Graham Model 1.5 tonearm
In its present sampling-rate format, the CD strikes me primarily as a convenience medium, akin to the analog cassette tape. Open-reel tape was recognized as a sonically superior medium at the time, but those cassettes were "oh so cute" and much easier to manage—especially in the car. From my perspective, audiophile labels (if not the mass-market-oriented major labels) will continue to offer vinyl for a long time to come. The demand will be there: as an owner of a topnotch phono system, I can continue to outperform the CD for a long time to come.
The current trend to digitally remaster old classics for reissue on CD is particularly tragic. The major labels are sitting on a treasury of old analog master tapes. From what I hear, these tapes are not benefiting from digital remastering; instead, more vinyl pressings would be welcome. Let me give you a recent example. I was recently given a copy of Rossini's The Barber of Seville—a "highlights" LP released in this country on Angel 35963. The analog master was digitally remastered by EMI in 1986 and released on CD. The performance dates back to 1957 and was recorded at London's Kingsway Hall. Arguably, this is this Opera's finest hour: Maria Callas as Rosina and Tito Gobbi as Figaro are in superb form, giving rich and inspired interpretations of these roles. Owning a copy of the CD, I decided to carefully compare it to the LP.
The bad news was that the LP had apparently been played with a rusty nail. The surface noise was intolerable, and there was groove damage audible during peak modulations. Yet, despite it all, Gobbi's and Callas's voices shone with a fiery intensity and sense of drama that was completely missing on the CD. By comparison, the CD sounded sanitized, devoid of the intensity so easily captured on vinyl. Not only that, the sense of focus and soundstage transparency was also heightened on the LP. So much for digital remastering. I would gladly trade this CD plus hard-earned cash for a mint copy of the LP (or, better yet, the complete 3-LP set). Please write me care of Stereophile.
To fully understand what the Graham Model 1.5 arm is all about, one has to start with the sparkle of inspiration in Bob Graham's mind. It's next to impossible not to like Bob. His friendly demeanor puts one at ease, and his care and love for the analog art bubble forth. His design philosophy is fully accessible to open discussion. There is no mysticism or classified industrial secrets to get in the way. The 1.5 is a distillation of the best design ideas the art has produced over the years, executed with care and engineering precision. Of course, there are some new wrinkles here, covered by no less than two US patents, but the foundation is sound engineering practice aimed at providing the most perfect operating platform for a phono cartridge achievable at the current state of the art. The basic design was refined over a period of several years to yield what is now, in my estimation, the finest tonearm money can buy.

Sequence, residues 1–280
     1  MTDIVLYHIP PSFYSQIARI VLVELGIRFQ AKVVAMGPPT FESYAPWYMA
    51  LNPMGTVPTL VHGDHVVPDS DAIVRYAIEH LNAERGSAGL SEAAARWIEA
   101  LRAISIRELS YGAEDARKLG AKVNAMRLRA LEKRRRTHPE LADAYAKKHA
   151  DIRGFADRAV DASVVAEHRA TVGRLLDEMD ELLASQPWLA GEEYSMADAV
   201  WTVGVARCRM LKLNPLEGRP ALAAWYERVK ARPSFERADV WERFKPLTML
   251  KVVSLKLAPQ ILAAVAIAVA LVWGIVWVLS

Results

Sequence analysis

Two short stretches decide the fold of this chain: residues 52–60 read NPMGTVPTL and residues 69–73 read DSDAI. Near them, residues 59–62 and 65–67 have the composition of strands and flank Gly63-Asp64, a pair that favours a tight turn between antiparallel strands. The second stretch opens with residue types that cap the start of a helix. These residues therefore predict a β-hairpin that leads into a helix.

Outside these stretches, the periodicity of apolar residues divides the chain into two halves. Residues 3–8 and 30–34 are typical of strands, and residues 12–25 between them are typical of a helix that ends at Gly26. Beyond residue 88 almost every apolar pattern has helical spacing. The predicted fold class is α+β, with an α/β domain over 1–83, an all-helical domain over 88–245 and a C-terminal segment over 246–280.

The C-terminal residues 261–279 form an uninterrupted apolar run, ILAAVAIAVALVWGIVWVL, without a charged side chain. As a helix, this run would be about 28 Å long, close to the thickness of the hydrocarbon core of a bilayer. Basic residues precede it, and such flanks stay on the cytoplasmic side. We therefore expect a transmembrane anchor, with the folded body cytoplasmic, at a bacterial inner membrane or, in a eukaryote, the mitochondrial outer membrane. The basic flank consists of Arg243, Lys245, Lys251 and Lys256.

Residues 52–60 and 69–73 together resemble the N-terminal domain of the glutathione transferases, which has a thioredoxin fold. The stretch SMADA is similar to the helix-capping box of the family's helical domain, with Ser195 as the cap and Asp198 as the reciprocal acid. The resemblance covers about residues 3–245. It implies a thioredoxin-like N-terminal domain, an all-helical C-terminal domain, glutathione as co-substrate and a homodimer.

The perfect tonearm
The role of the tonearm has been compared to that of the enclosure in a loudspeaker. In this analogy, think of the bass driver as representing the cartridge. The first important point is that it is impossible to assess the driver's performance without considering its interaction with the cabinet. The cartridge/arm combination should be viewed in the same light. The arm's effective mass should be compatible with the cartridge compliance to produce an optimal low-frequency resonance. Just as enclosure wall flexure and resonances may color a speaker's reproduction, so can arm resonances influence the overall frequency-response and time-domain behavior. Arm resonances, both lateral and torsional, should be minimal and well-damped.
From the perspective of the cartridge, the arm is essentially a "monkey on the back." As the stylus negotiates delicate groove modulations, the cartridge has to literally drag this monkey, kicking and screaming, down the groove spiral. Bearing friction at the arm pivot, sufficient to impede the motion of the cartridge, gives rise to distortion because frictional forces along the groove wall increase as a result. Thus, low bearing friction is an automatic prerequisite for a good arm. For a magnetic, velocity-characteristic cartridge, the differential velocity between the stylus and cartridge body gives rise to the output signal. Should the arm rattle the cartridge, the signal's amplitude and the system's frequency response will both be affected. This can happen when the arm bearings are loose and "chatter." Unfortunately, for conventional bearings of the gimbal or ball-race design, the requirements for low friction and tightness (no chatter) are contradictory; some compromise must be struck between the two. In other words, the tighter the bearings, the greater the friction.